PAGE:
The decision this week to refuse permission for one of Britain's first industrial-style farms housing 25,000 pigs has been welcomed by campaigners.
The unit at Foston, Derbyshire, has been the subject of fierce opposition in a four-year-long fight that saw celebrities including actor Dominic West and River Cottage chef Hugh Fearnley-Whittingstall stand up against the proposed farm due to its size.
Now the Environment Agency has turned down the permit application by Midland Pig Producers on the grounds it posed risks to human health as well as human rights.
There is mounting public anxiety that industrial, intensive pig rearing systems cause stress and illness in animals and threaten human health. The regular over-use of antibiotics in such 'factory' farm systems is producing antibiotic-resistant superbugs.
The farms also pollute the air and water.
"These factory systems are cruel to pigs," said Tracy Worcester Director of Farms Not Factories, which campaigns for consumers to buy their pork from real farms.
"They are also a threat to traditional family farmers who, though they have a lower cost in terms of human health and environmental pollution, - incur higher costs when rearing their pigs humanely and therefore cannot compete economically with cheap, low- welfare pork.
The Environment Agency’s main reasons for refusing a permit were that the health threats from bio-aerosols and ammonia, pollution from odour and contamination of watercourses posed unacceptable risks. They also considered the rights of the people living nearby under the European Convention on Human Rights.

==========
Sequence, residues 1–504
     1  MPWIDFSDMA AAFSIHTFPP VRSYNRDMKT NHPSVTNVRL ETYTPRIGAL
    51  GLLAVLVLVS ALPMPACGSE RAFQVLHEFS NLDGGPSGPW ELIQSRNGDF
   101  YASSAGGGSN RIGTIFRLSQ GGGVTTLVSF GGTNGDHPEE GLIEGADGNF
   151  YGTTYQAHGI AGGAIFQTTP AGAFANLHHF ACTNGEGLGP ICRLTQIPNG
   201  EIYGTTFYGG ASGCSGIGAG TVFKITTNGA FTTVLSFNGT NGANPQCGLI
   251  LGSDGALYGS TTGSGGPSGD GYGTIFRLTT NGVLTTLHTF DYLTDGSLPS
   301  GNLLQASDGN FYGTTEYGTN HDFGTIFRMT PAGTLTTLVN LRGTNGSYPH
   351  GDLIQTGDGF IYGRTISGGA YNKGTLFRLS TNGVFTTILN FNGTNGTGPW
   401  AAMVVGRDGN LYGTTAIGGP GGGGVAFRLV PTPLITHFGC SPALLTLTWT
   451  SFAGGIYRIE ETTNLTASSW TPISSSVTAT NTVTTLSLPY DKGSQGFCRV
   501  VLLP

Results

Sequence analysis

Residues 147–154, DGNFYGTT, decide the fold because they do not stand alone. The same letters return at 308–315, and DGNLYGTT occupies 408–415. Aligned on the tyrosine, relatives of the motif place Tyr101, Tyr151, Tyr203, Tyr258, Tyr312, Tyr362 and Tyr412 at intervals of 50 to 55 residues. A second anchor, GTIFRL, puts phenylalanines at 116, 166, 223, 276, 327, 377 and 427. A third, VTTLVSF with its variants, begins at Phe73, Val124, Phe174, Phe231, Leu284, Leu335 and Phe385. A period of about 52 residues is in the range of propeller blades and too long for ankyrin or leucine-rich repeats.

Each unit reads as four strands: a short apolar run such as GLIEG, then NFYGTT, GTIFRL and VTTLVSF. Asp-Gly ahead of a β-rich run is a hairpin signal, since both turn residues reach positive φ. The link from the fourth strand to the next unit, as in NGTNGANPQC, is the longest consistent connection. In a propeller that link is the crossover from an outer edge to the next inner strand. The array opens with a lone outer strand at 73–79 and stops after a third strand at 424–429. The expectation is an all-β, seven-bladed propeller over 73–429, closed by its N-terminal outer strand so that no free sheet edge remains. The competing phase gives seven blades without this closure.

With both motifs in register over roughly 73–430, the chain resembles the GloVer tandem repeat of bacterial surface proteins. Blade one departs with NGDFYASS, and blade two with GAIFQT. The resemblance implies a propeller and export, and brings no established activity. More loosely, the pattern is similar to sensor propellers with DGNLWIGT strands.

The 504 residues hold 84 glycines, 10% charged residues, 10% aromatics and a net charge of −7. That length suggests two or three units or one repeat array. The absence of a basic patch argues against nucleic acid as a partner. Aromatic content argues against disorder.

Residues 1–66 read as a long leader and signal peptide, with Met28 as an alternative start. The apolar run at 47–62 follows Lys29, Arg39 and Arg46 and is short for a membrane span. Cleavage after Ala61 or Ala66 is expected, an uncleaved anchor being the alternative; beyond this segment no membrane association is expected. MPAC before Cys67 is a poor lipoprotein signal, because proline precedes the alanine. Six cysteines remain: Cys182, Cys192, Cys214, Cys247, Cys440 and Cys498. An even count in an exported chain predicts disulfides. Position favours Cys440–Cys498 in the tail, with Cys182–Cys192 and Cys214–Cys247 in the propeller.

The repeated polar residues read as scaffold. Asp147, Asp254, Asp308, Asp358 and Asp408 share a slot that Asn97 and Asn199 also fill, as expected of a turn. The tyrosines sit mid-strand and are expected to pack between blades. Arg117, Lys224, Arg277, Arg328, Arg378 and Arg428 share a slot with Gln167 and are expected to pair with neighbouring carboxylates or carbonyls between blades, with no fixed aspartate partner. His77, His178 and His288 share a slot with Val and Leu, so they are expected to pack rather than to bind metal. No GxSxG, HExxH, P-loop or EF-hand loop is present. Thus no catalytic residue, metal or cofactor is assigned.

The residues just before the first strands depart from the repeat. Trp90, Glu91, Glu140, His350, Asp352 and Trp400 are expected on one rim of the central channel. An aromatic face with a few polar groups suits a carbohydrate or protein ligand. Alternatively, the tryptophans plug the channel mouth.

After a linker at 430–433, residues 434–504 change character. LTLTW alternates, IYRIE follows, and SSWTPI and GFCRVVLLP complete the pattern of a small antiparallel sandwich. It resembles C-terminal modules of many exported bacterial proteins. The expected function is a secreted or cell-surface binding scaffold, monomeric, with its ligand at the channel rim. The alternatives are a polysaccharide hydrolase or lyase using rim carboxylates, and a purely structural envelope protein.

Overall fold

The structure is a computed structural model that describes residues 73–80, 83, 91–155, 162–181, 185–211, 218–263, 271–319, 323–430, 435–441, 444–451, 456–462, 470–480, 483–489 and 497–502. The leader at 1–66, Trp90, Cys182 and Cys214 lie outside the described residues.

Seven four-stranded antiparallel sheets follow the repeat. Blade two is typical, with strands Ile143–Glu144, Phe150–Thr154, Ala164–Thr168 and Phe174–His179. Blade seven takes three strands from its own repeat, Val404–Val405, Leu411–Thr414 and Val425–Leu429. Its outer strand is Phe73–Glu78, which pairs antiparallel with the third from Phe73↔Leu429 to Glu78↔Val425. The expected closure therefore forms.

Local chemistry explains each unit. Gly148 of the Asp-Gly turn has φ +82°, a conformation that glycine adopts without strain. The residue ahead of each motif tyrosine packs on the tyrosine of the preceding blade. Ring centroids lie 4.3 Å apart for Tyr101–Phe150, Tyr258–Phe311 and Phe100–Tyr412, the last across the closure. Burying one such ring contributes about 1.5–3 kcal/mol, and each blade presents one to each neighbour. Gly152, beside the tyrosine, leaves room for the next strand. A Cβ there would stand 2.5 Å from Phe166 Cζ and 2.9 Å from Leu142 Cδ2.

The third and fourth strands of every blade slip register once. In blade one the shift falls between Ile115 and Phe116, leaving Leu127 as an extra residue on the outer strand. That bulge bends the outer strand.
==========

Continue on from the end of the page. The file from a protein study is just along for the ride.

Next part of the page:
Jim Davies, leader of the Foston Community Action Group, said local residents, who had been almost unanimous in opposing the plan, were hugely relieved. "After four years of public consultation the facts are now clear; the applicants provided insufficient information and should now abandon this flawed scheme forever," he said.
Sue Weston, whose house is next door to the proposed site, said she was "over the moon" at the decision.
"This industrial development would totally ruin the small village community of Foston and put innocent families in danger from the unknown consequences of an experimental pig prison."
Midland Pig Producers told the BBC, "it seems inevitable that this outcome will provide others with the reason to refuse any application connected with our plans".
"The Ministry of Justice, which runs the women’s prison at Foston less than 150 metres from the proposed site, also sent in a list of objections," added Ms Worcester.
"Now the Environment Agency has listened and it's time for Midland Pig Producers to withdraw their planning application and give local people back their peace of mind."
She added, "UK farmers must produce to a higher animal welfare standard than farms in the EU, so consumers need to look for UK high welfare labels like Freedom Food and Organic. To cover the extra cost we can buy less popular cuts, shop online or at a local farmers’ market. Consumers paying a fair price for UK high welfare pork is the only way to avoid animal factories such as Foston. We totally reject the National Farmers Union's idea that UK producers have to get big or get out of the industry"